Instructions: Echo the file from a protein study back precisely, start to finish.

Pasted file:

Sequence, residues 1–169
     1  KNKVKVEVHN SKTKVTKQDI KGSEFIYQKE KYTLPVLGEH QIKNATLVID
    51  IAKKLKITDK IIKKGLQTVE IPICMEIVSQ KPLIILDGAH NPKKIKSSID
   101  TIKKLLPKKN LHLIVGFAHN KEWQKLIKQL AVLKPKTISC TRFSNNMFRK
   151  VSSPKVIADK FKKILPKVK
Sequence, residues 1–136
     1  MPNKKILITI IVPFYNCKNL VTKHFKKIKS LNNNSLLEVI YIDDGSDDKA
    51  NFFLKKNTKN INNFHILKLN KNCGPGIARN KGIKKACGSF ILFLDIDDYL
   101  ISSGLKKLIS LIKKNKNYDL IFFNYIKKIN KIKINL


Sequence, residues 1–169
     1  KNKVKVEVHN SKTKVTKQDI KGSEFIYQKE KYTLPVLGEH QIKNATLVID
    51  IAKKLKITDK IIKKGLQTVE IPICMEIVSQ KPLIILDGAH NPKKIKSSID
   101  TIKKLLPKKN LHLIVGFAHN KEWQKLIKQL AVLKPKTISC TRFSNNMFRK
   151  VSSPKVIADK FKKILPKVK
Sequence, residues 1–136
     1  MPNKKILITI IVPFYNCKNL VTKHFKKIKS LNNNSLLEVI YIDDGSDDKA
    51  NFFLKKNTKN INNFHILKLN KNCGPGIARN KGIKKACGSF ILFLDIDDYL
   101  ISSGLKKLIS LIKKNKNYDL IFFNYIKKIN KIKINL